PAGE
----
Working memory and the brain’s limits

By Dan Peterson

The impact of working memory on sport performance doesn’t get talked about too often, but its importance can’t be underestimated.  Working memory is different from both long and short term memory, it is the ability to hold and juggle things in your head, and the ability shift attention between them as you solve a problem or deal with a situation.

Working memory is what allows us to drive a car while we simultaneously monitor our speed, pay attention to the road ahead, talk to the person in the passenger seat, check our rearview mirror every few seconds, etc.  Similarly, it’s also what allows a basketball player to dribble the ball, pay attention to his defender and one or two teammates at a time, all while evaluating whether he can or should shoot the ball.  It’s a huge component of intelligence and high-level performance, no matter the task.

And new research findings from Earl Miller and Timothy Buschman out of MIT have clarified a lot about how working memory works at both a practical and neural level, and could have an immediate impact on several fields, sports among them.  Miller and Buschman tested the working memory of monkeys (which, sort of amazingly, have the same working memory capacity as humans) via a visual working memory task in which 2-5 objects were presented across both the right and left visual fields, followed by a blank screen, and then followed by the same image with a slight change to one of the objects. The aim was to measure when the change could or could not be detected.  What the researchers found was that the distrubution of the objects across the visual field mattered as much as the number of objects presented in total.  When one side of the visual field was overloaded, the brain simply wasn’t able to process the information; it was lost immediately, like it never even made it to working memory.

From the researchers:

“But surprisingly, we found that monkeys, and by extension humans, do not have a general capacity in the brain,” says Miller. “Rather, they have two independent, smaller capacities in the right and left halves of the visual space. It was as if two separate brains – the two cerebral hemispheres – were looking at different halves of visual space.”

To clarify, these findings indicate that our working memory capacity doesn’t act like a single resource pool that we can draw from.  Rather, it is like two separate, smaller pools, and that these pools are associated with information presented in our right and left visual fields.  You can pay attention to around four different things at once, but only if they are distributed evenly in your visual field.  Our brains can’t handle overload on one side or another, if one side gets overloaded, that information just gets lost, the other side can’t pick up the slack.  For a long time, there has been debate over whether working memory works like a pool, or like a series of slots.  The researchers think that their results prove that it is a little bit of both.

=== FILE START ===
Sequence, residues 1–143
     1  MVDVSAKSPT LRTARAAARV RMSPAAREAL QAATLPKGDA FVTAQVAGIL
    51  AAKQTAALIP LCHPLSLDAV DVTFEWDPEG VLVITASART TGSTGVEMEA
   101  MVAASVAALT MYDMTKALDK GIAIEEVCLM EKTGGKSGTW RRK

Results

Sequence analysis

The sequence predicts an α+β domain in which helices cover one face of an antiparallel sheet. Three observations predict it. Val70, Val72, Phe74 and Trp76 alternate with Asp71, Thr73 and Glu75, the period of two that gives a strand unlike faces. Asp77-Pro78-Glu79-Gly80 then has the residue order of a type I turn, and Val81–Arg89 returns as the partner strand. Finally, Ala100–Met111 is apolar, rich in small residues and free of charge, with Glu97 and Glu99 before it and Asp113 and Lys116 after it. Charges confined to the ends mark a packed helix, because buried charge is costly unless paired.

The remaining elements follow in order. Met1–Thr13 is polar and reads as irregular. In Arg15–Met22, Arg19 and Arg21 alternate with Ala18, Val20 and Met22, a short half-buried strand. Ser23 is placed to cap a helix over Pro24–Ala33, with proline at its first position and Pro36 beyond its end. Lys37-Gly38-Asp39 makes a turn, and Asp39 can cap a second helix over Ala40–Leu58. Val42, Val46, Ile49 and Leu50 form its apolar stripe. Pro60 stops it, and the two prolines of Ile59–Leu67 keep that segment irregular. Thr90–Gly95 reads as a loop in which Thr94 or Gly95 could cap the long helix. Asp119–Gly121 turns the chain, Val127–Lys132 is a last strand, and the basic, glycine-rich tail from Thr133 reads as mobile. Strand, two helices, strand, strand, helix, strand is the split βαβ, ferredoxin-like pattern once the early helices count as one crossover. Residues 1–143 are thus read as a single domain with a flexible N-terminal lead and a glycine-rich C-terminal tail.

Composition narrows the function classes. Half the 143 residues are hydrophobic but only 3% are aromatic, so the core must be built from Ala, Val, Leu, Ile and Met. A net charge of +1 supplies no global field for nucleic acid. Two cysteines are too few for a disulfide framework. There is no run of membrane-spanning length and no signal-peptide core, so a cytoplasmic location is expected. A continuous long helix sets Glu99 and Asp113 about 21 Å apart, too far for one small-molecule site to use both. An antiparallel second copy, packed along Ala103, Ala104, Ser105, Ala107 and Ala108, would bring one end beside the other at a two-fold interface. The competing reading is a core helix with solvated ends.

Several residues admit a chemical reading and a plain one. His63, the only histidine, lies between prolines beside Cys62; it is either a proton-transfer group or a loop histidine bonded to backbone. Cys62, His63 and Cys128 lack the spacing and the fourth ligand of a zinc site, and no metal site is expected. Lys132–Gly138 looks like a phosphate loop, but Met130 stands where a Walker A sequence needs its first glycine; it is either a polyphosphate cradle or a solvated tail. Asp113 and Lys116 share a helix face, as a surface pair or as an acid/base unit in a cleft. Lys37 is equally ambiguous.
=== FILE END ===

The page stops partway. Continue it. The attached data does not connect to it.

“Our study shows that both the slot and pool models are true,” says Miller. “The two hemispheres of the visual brain work like slots, but within each slot, it’s a pool. We also found that the bottleneck is not in the remembering, it is in the perceiving.” That is, when the capacity for each slot is exceeded, the information does not get encoded very well….

What is so interesting about these findings is that they can be used to great effect right away.  It is rare that neuroscientific research is so immediately and broadly applicable.

“The fact that we have different capacities in each hemisphere implies that we should present information in a way that does not overtax one hemisphere while under-taxing the other,” explains Buschman. “For example, heads-up displays (transparent projections of information that a driver or pilot would normally need to look down at the dashboard to see) show a lot of data. Our results suggest that you want to put that information evenly on both sides of the visual field to maximize the amount of information that gets into the brain.”

The application to sports can be immediate as well.  Let’s think about a football quarterback.  A quarterback with an average working memory capacity can accurately keep track of and make good decisions about four receivers at a time.  This research implies that receiver sets that space receivers more evenly across the quarterback’s visual field could optimize his working memory capacity, and possibly make it easier for him to find the open man or make good decisions.

On the other side of the ball, blitzing defenses might use the strategy of overloading one side of the quarterback’s visual field, with the knowledge that it will be nearly impossible for the quarterback to keep track of each defender, due to the limitations of working memory and perception.

This knowledge has huge potential to inform play design in football, basketball, or any other sport where manipulating player position could be used to create an advantage based on exploiting the weaknesses of our brain’s working memory capacity.  It is just one more example of how neuroscience is opening doors for the thinking coach and athlete to gain an advantage.

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